Gettysburg was one battle that changed a war. This month, education reformers, parents and everyday citizens who support phonics won such a fight in Sacramento. The outcome of a vote by the California Board of Education signals a decisive change in how public school children will be taught to read -- not just in the Golden State, but nationwide.
The state board voted Dec. 12 to approve 16 reading programs by 10 publishers that will be used in California's public schools for the next seven years. But more important in the continuing controversy over reading education, the board rejected unanimously books by Rigby Education, Inc. and the Wright Group because they did not emphasize phonics enough.
The board's decision comes almost two years after California's students tied for last with Louisiana in reading skills on the National Assessment of Educational Progress. A special state reading task force concluded in September 1995 that the state's decade-long approach to reading instruction, Whole Language, was the reason for students' abysmal performance and recommended that it be replaced.
Whole Language theory holds that children learn to read much as they learn to speak -- by simple immersion. WL advocates believe books with pictures and whole words are better than simple, direct instruction in phonics. Phonics, in their view, is "boring." Whole Language, on the other hand, is supposedly "child-centered, reflective, authentic, social, collaborative, democratic and challenging." So zealous were WL supporters in the state bureaucracy they began to eliminate spelling textbooks in order to prevent kids from learning to sound out words and spell the fundamental blocks of language.
The most notorious byproduct of the whole language is "invented spelling." Teachers wanted to shift "from a focus on error to a focus on creation." The reality was that teachers weren't supposed to correct spelling mistakes for fear of bruising the child's self-esteem. It's no surprise, then, that the Golden State's peers in reading are Louisiana and Mississippi.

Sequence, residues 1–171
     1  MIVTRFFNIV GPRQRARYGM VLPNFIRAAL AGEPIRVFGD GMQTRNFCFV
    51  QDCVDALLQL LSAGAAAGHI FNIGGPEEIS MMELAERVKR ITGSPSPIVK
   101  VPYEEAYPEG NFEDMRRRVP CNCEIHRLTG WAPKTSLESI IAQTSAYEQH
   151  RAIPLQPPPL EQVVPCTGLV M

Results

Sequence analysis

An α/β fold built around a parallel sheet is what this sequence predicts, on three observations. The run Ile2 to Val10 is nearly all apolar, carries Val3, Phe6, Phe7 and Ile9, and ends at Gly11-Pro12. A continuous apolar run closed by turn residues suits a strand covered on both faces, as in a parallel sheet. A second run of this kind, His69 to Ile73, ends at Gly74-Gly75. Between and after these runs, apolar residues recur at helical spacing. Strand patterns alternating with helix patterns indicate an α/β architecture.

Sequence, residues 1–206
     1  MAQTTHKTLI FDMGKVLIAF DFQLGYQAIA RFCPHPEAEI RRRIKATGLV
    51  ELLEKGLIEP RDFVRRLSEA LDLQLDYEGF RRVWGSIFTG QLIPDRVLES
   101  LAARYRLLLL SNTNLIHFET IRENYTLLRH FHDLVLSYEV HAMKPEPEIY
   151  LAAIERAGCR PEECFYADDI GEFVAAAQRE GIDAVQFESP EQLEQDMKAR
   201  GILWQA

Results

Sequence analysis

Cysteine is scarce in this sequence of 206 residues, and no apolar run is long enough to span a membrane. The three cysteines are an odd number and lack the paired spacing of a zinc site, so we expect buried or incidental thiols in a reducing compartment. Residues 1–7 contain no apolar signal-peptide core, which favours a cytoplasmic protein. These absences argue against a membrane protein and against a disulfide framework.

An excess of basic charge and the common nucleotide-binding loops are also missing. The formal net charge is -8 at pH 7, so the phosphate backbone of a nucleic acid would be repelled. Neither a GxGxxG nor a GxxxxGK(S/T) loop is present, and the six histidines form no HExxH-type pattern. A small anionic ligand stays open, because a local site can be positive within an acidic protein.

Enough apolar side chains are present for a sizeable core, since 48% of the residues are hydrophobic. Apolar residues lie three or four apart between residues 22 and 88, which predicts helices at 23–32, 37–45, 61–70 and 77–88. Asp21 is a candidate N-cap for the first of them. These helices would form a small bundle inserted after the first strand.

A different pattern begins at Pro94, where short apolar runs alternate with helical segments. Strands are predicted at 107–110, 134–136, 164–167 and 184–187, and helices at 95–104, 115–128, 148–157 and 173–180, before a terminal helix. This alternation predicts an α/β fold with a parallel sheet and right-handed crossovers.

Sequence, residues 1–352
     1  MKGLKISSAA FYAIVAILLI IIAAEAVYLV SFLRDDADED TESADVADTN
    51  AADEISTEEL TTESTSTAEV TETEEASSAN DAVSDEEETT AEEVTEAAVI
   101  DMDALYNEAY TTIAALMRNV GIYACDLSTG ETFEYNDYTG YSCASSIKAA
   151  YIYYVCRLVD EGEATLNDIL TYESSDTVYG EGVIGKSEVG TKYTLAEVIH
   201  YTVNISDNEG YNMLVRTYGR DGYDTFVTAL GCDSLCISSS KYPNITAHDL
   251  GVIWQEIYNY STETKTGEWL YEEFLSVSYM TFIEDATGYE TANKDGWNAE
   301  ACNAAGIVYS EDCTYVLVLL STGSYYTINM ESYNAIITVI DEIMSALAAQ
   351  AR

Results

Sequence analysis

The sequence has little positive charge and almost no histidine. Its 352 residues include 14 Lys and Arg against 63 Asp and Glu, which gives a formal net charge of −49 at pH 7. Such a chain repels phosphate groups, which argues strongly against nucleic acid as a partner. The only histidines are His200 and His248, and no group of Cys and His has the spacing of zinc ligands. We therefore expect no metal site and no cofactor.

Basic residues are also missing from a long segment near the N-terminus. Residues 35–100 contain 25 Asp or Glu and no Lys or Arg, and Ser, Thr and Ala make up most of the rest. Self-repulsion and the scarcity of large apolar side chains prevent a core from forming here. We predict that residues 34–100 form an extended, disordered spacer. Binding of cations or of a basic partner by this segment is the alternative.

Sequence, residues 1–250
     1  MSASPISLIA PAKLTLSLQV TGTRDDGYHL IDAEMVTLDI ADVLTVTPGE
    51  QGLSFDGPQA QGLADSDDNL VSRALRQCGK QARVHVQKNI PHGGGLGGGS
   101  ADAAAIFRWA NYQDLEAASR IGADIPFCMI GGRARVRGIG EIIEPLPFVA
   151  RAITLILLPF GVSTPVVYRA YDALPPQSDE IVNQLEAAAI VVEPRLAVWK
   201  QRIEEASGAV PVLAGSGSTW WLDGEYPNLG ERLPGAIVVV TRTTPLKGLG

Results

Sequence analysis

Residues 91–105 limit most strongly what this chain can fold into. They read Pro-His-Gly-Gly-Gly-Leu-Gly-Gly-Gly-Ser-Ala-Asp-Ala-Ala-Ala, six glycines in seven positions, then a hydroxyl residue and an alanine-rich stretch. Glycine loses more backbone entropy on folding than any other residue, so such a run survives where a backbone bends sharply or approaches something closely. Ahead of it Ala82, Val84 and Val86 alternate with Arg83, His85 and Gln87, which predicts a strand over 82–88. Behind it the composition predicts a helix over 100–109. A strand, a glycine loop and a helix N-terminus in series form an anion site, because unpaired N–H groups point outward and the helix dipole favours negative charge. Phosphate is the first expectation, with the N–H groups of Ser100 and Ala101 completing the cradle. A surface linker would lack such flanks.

Phonics teaches kids to read by sounding out words through drill and repetition. But phonics is anything but "boring," if the growing popularity of such products as "The Phonics Game" is any indication. And research has concluded time and again that intensive, systematic phonics is the most effective method of reading instruction.
But it wasn't simply that the Board of Education rejected the Wright and Rigby books because they were bad. They were also illegal. California law changed last year to reflect the recommendations of the California Reading Task Force. A recent state appropriations bill, AB170, requires that all new reading instruction materials contain phonics, phonemic awareness, and "decodable" text. And California's Budget Act of 1996 prohibits state money from being spent in support of "any program, network, or material that (a) promotes or uses reading instruction methodologies that emphasize contextual clues (WL) in lieu of fluent decoding (phonics), or (b) systematically uses or encourages inventive spelling techniques in the teaching of writing."
Wright and Rigby's programs did not meet the new standards. So they were rejected, despite the best efforts of the publishers to mount an intense lobbying effort that included hundreds of form letters and even a good word from former Gov. George Deukmejian, whose law firm was retained by the Wright Group.
The board's decision will have a major national impact. California accounts for 11 percent of the nation's textbook market, the largest in the country. Textbook publishers therefore tend to cater to the California market.
Not surprisingly, Rigby's president, Steve Korte, says his company is considering a legal challenge to the board's vote. "We are being denied access to a substantial amount of revenue," Korte said. In fact, Wright and Rigby stand to lose a hefty portion of the more than $600 million that California's school districts will spend on textbooks over the next seven years.
Phonics supporters are right to feel good about this victory, but the war is by no means over. Kathryn Dronenberg, the board member who led the opposition against Wright and Rigby, says that the 16 other programs adopted by the board at its meeting "more fully meet the criteria (set by lawmakers). All of the programs have, to varying degrees, spelling, phonics and phonemic awareness. But that means some of the programs rely more heavily on the Whole Language approach than others. And it is safe to assume that the same WL zealots who removed basic skills from classrooms a decade ago are still in the state education establishment, where they are unchecked and unaccountable.
California took its first step toward returning to the top in education. But there are many more votes to come.